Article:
Tips To Handle Those Rare Tick-Borne Diseases

Paul Pinkerton

“The biggest myth about tick-borne diseases is that every tick carries the Lyme disease pathogen, when in fact, only one tick species in the Eastern U.S. is capable of transmitting the pathogen, Ixodes scapularis, the black-legged or deer tick,” said Phil Kaufman, a University of Florida veterinary entomologist.

Kaufman, an associate professor at the UF Institute of Food and Agricultural Sciences, cited three tick-borne diseases we should know about.

Those diseases are:

• Lyme disease: In Florida, 673 cases of Lyme disease were reported from 2002 to 2011, according to the Florida Department of Health. That’s only 67 cases per year, compared to 27,000 cases in the U.S. in 2013. Of the Florida cases, 77 percent were acquired by people when traveling to other states.

• Rocky Mountain Spotted Fever: In Florida, the reported incidence has increased markedly in recent years, possibly due to increased disease awareness and reporting, Kaufman said. Some 163 cases of the fever were reported from 2002 through 2011, and 77 percent were acquired in Florida. Again, most were in north and central Florida. Cases of Rocky Mountain Spotted Fever are reported year-round, though peak transmission is typically during the summer.

• Ehrlichiosis (HME)/Anaplasmosis (HGE): In Florida, 89 cases of Ehrlichiosis/HME were reported from 2002 through 2011. Of those, 33 cases of Anaplasmosis/HGA were reported. The majority of HME cases – 73 percent — are reported as being acquired in Florida, primarily in the north and central parts of the state. Like Lyme disease, HGA has less than half — 45 percent — of cases classified as Florida-acquired as reported newswise

How can we prevent these tick-borne diseases?

The Florida Department of Health advises you to apply repellent that contains 20 to 30 percent of DEET to prevent ticks from attaching to your skin. Other repellents registered by the U.S. Environmental Protection Agency may be found at:

Other tips:

• Permethrin can be used on clothing, shoes, tents and gear and remains protective through several washings.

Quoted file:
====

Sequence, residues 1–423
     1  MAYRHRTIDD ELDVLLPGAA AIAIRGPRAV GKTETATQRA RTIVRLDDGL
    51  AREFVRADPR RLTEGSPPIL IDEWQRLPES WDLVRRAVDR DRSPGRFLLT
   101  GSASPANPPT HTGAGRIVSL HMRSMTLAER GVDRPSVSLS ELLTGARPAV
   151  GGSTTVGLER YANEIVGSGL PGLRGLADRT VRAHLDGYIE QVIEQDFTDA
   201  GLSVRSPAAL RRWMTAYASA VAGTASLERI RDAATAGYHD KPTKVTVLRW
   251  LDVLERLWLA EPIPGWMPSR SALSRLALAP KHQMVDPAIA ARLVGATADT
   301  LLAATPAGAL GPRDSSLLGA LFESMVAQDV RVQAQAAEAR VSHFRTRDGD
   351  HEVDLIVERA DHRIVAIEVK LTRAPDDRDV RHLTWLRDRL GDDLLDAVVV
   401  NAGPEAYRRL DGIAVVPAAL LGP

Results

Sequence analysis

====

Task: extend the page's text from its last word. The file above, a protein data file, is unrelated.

• Check your body and your child’s body for ticks after spending time in a place where ticks are likely to be found such as wooded areas or places with tall grass and leaf litter.
• Check your pet for ticks. Talk to your veterinarian about products that keep ticks off your pets.
• Dress so your skin is covered in light-colored clothing when you are in an area when ticks might be present. This makes ticks easier to see.
• Prevent tick infestations around your home by landscaping your yard to be a tick-free zone.
• Shower soon after being outdoors. Showering within two hours of coming indoors has been shown to reduce your risk of being bitten by a tick.
• Tumble clothes in a dryer on high heat for an hour to kill remaining ticks.

Dr. Shehla Islam, a board-certified infectious disease physician at UF Health, said symptoms of a tick-borne disease vary, depending on the illness. They frequently show up as fever, headache and joint pain and a rash.

Upper respiratory symptoms are not common with these illnesses, so if a patient has a history of exposure to ticks, and he or she exhibits symptoms for several days with no clear cause, people should see their primary care physician, Islam said.

“They should go to the emergency room if they’re severely ill,” she said. “These are not contagious diseases, for the most part.”


jack-beckett is one of the authors writing for Outdoor Revival